|Publication number||US5139208 A|
|Application number||US 07/691,483|
|Publication date||Aug 18, 1992|
|Filing date||Apr 25, 1991|
|Priority date||Apr 25, 1991|
|Publication number||07691483, 691483, US 5139208 A, US 5139208A, US-A-5139208, US5139208 A, US5139208A|
|Inventors||Tracy H. Schooley|
|Original Assignee||Schooley Tracy H|
|Export Citation||BiBTeX, EndNote, RefMan|
|Patent Citations (17), Referenced by (22), Classifications (7), Legal Events (6)|
|External Links: USPTO, USPTO Assignment, Espacenet|
There are no applications related hereto heretofore filed by the instant inventor in this or any foreign country.
My invention relates generally to stackable elongate flat racks for storage of flexible cords, especially such cords as are of a complex nature.
Racks of various types have long been known for the storage of elongate flexible cord-like elements. It seems, however, that the sophistication of such devices has not been nearly so great as their historicity and use, but rather has lagged to the point where modern day racks are not fulfilling their purpose to the best and highest degree possible. The instant invention seeks to provide an improved rack for flexible cords that does fulfill this potentiality.
Known racks for storage of elongate flexible cords have generally provided some type of a three-dimensional structure of a reel-like nature to allow wrapping of a cord about the rack periphery for positional maintenance. In general such structures have taken the form of either a cylindrical reel having cross-sectional diameters somewhat of equal length or a flat rack having one cross-sectional dimension substantially longer than a somewhat perpendicular cross-sectional dimension. The cylindrical type structure commonly has been used for storage of cord-like elements of substantial length and simple uniform cross-sectional configuration such as rolls of rope, cord, wire and the like. A flat rack structure has been used more commonly for shorter elements, and especially such elements that have more complex configurations, portions of which can readily become entangled during the storage process, such as yarn, fish lines with droppers, light strings and the like. The flat-type rack offers added advantages in that it generally occupies less volume than the cylindrical rack that holds a similar amount of material and a plurality of flat-type racks may generally be stored in a more compact array than a plurality of cylindrical type racks. My storage rack provides an improved rack of the flat type that has interconnecting means to aid the positional maintenance of a stacked array of associated racks.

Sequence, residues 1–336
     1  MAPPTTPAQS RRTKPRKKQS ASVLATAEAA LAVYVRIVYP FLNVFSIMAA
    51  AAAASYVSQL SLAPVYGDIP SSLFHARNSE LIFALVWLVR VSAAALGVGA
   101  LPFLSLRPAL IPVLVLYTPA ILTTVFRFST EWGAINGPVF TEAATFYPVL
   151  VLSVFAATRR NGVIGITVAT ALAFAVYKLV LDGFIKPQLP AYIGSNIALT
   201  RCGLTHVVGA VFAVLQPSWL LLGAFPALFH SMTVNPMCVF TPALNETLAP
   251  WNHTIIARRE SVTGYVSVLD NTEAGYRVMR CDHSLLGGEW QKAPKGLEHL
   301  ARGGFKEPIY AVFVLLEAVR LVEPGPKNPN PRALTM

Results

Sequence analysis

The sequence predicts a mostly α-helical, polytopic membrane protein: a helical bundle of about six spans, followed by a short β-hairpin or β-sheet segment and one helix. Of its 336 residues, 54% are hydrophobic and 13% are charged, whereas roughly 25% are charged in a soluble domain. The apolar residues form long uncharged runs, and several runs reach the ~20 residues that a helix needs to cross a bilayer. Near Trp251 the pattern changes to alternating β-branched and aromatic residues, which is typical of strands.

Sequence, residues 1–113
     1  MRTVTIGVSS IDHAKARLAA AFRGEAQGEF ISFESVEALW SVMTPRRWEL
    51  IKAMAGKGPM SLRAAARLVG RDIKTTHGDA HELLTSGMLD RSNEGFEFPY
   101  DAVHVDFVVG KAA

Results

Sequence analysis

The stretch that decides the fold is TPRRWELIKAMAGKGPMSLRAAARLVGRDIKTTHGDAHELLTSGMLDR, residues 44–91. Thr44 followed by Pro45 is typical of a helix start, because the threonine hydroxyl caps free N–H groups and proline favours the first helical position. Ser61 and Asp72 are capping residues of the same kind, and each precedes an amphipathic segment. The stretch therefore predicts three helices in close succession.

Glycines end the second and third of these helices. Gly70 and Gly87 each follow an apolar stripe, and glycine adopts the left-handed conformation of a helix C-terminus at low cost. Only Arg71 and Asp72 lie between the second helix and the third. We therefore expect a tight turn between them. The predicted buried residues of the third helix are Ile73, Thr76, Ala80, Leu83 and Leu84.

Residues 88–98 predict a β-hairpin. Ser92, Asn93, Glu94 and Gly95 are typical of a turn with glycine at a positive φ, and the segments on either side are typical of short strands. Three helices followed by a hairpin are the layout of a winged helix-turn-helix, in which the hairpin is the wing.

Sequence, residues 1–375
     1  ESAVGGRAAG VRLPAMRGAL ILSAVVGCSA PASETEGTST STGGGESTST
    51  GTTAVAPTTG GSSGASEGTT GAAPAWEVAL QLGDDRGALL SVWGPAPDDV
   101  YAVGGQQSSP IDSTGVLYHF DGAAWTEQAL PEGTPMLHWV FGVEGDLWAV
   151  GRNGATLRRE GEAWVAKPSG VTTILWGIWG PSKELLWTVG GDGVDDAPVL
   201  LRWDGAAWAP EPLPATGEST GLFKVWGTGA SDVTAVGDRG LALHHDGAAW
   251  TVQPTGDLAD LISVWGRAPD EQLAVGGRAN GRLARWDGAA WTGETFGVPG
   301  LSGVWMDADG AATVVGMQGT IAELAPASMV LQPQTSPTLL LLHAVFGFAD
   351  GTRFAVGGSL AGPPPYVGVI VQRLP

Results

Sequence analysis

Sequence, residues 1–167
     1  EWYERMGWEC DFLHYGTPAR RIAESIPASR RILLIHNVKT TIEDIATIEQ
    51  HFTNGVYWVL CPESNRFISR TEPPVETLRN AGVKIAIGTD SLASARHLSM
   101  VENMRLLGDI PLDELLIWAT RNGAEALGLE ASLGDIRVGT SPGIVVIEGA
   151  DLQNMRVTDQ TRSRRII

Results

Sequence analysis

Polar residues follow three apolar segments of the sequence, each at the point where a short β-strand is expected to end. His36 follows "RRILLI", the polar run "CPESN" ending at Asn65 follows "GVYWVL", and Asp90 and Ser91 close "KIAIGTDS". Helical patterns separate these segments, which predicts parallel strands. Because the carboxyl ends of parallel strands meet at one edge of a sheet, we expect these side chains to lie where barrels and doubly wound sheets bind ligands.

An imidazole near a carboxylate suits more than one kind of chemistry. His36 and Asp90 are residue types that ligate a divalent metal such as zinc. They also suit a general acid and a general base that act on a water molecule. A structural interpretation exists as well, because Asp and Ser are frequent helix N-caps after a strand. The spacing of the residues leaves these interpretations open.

When cords of a complex nature, such as those having droppers or other interconnected parts that extend away from the main cord body are stored, entanglement, especially during the establishment of or removal from a storage mode, remains an ever present problem. Generally this problem is alleviated by maintaining the stored cord in a single layer and physically separating each wrapped coil of cord from adjacent coils during positioning by some means that aids the positional maintenance of a stored cord in this configuration. My rack provides structure embodying these principles by creating a plurality of opposed cooperating notches in each of two similar end structures wherein a flexible cord is supported and positionally maintained. Such end elements also provide the secondary and additional function of allowing definition of keyhole type slots to hold the end portions of a cord to aid the positional maintenance of the entire cord in stored mode.
In general, it is more convenient and less expensive to define only part of a supportative surface of a storage rack, rather than an entire peripheral surface somewhat in the nature of a framework. This type of structure, however, creates added disadvantages, especially in the case of flat storage racks, because often the medial portion of stored cords or ancillary structure attached to the cords have a high potentiality for entanglement. This potentiality for entanglement is enhanced in the medial portions of such racks where portions of cords there maintained may have greater motion by reason of sag or otherwise, and the potentiality of entanglement is still further enhanced when such flat racks are stored in stacked vertical array with layers of cord coils in vertical relationship to each other. My invention lessens this problem by providing a medial cross piece carried between the end elements over which a cord is wound. This medial cross piece has substantial vertical thickness, and may have more thickness in its medial than in its end parts, to aid separation of the layers of cord coils thereabove from those therebelow.
A cord generally may be placed on a storage rack by winding about the rack or by rotating the rack to accomplish the same purpose. My storage rack provides side elements of substantial width to properly maintain stored cords thereon and allow stacking of a plurality of holders in appropriately spaced relationship to eliminate entanglement. A medial portion of each side element defines paired opposed indentations to define a smaller handle-like portion therebetween to aid the manual manipulation of the rack during cord placement and removal, whether such function be accomplished by moving the cord, the rack or both.